Well This is a New One

March 29, 2023

(Note: First, let me say, I’m still trying to catch up from being gone a week, so planning to back fill. But don’t want to get further behind, so will pick up now w/ a post today. k?) (She unnecessarily explained to nobody.)

So here is the “new one” of which I speak…

A stovetop quiche with breadcrumbs for a crust. Really.

Thing of beauty, right? We maybe didn’t need to de-pan it to cut wedges for our dinner.. but did — it was a two-person job! It’s only not-round above because some of the tomato/chard topping toppled off when we slid the “quiche” out of the pan, otherwise, it’s a pretty great looking thing.

I gave it a 4 (out of four), Jim a 3.

This is from today’s Washington Post “Eat Voraciously” column, which I love….and here’s their result:

Well. I’ll bet their’s didn’t taste as good!

And just because I know you’re dying to make it:

Today’s recipe
Photos by Rey Lopez for The Washington Post; food styling by Lisa Cherkasky for The Washington PostPhotos by Rey Lopez for The Washington Post; food styling by Lisa Cherkasky for The Washington Post

Skillet Quiche With Breadcrumb Crust

Find substitution suggestions and other tips below the recipe.

For easy printing and scaling, view this recipe in our Recipe Finder.

Servings: 2
Active time: 10 mins
Total time: 20 mins

  • 1 1/4 cups panko breadcrumbs
  • 1/2 to 1 teaspoon herbes de Provence
  • 1 tablespoon olive oil
  • 4 large eggs
  • 1/4 cup water
  • 1/4 teaspoon fine salt
  • 1/2 medium tomato, coarsely chopped (1/4 to 1/2 cup)
  • 1 ounce spinach leaves, finely chopped (1/4 to 1/3 packed cup)

1. In a small bowl, mix together the panko and herbes de Provence (to taste).

2. In a medium well-seasoned cast iron or nonstick skillet over medium heat, heat the oil until shimmering; swirl to coat the bottom and halfway up the sides. Pour the crumb mixture into the skillet and, using a flexible spatula, toss the crumbs to coat with the oil, then press to form a crust. Toast until fragrant, about 1 minute. Monitor the heat and adjust as needed; if the heat is too high, the crust will burn before the eggs set after being poured in, and if it’s too low the crust will not become golden brown.

3. In a medium bowl, whisk together the eggs, water and salt until combined. Gently pour the eggs evenly over the crumb crust, then sprinkle the tomato and spinach evenly over the eggs. Reduce the heat to medium-low, cover and cook until the eggs are just set but still look moist, about 10 minutes.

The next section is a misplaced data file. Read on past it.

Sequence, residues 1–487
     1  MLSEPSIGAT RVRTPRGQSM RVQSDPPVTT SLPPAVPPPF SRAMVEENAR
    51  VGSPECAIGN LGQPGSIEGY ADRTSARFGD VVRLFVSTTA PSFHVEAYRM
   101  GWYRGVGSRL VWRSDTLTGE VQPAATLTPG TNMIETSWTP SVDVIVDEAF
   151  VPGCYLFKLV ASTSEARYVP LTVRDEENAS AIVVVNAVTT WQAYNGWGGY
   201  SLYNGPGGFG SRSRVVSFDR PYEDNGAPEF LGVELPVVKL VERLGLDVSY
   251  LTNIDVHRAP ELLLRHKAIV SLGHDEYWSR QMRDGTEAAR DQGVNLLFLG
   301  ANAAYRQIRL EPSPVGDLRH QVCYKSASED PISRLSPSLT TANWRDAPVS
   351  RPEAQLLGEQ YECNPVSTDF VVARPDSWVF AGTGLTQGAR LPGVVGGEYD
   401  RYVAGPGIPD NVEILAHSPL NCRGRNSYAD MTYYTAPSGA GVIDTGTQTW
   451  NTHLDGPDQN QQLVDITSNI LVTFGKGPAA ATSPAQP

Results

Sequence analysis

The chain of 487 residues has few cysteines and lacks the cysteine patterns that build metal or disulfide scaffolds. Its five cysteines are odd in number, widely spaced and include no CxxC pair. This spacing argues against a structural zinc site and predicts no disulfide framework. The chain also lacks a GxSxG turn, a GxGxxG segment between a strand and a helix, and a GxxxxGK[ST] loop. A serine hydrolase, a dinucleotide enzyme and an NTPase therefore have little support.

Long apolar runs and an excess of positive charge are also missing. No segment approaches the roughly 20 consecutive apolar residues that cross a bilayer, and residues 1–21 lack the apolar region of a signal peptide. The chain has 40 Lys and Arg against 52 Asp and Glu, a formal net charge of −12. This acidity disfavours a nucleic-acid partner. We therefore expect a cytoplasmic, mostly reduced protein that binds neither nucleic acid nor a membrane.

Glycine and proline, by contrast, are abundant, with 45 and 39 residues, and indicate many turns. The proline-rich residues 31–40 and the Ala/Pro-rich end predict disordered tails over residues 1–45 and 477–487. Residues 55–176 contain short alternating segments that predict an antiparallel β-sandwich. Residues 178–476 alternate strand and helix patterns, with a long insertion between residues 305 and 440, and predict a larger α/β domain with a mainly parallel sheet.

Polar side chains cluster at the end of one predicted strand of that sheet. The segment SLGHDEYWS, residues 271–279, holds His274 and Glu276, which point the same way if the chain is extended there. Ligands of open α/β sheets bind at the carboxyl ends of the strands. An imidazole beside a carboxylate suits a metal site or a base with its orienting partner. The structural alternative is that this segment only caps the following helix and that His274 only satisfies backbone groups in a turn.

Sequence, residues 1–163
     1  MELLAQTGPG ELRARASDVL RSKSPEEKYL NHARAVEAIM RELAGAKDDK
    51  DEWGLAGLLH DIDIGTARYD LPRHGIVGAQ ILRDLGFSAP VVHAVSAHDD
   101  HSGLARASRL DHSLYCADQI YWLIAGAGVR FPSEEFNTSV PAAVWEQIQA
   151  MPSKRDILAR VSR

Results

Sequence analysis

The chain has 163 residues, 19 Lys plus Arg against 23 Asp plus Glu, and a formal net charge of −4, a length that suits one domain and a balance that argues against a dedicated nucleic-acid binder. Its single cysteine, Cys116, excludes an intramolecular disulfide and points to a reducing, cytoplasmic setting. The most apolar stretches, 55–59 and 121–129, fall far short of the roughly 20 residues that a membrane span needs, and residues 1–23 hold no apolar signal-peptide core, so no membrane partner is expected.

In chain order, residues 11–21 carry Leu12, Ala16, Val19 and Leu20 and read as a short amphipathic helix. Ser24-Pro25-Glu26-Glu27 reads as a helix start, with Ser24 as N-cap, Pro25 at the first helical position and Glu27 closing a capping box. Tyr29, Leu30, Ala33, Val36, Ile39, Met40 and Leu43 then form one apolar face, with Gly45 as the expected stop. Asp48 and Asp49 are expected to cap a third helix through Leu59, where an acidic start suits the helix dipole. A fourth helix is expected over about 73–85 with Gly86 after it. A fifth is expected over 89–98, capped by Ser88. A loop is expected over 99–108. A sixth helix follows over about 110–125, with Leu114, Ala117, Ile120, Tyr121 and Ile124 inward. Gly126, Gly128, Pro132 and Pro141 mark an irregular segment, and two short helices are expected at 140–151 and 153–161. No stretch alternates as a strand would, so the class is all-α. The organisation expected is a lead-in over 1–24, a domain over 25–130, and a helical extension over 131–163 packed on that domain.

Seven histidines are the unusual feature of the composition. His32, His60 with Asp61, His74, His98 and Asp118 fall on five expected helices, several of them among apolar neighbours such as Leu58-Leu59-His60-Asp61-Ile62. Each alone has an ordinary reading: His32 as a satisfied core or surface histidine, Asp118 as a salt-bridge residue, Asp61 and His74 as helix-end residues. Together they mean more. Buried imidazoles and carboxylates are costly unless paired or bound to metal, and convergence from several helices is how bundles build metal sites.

4. Uncover and remove from the heat. Using a flexible spatula, gently loosen the edges of the crust, then slide the quiche onto a cutting board. Cut in half or in wedges and serve.

VARIATION: You can make your own breadcrumbs for the crust. Tear 2 ounces of day-old French or other crusty bread (about 1/4 of a regular-size baguette) into chunks and place them in a food processor along with the herbes de Provence (to taste). Pulse to form small crumbs; you should get about 1 1/4 cups.

Adapted from “Jeffrey Saad’s Global Kitchen” (Ballantine Books, 2012). Tested by Bonnie S. Benwick.

Nutrition information per serving: Calories: 335; Total Fat: 16 g; Saturated Fat: 2 g; Cholesterol: 372 mg; Sodium: 512 mg; Carbohydrates: 27 g; Dietary Fiber: 2 g; Sugar: 2 g; Protein: 17 g.

Substitution suggestions + other tips and ideas:

  • Instead of tomato >> try diced zucchini, steamed peas or more spinach.
  • In place of spinach >> use more tomato, baby kale, or a handful of fresh tender herbs such as basil, parsley or tarragon.
  • You could also add shredded or crumbled cheese to the quiche.
  • For a creamier quiche >> use half-and-half or milk instead of the water.


You’re welcome.

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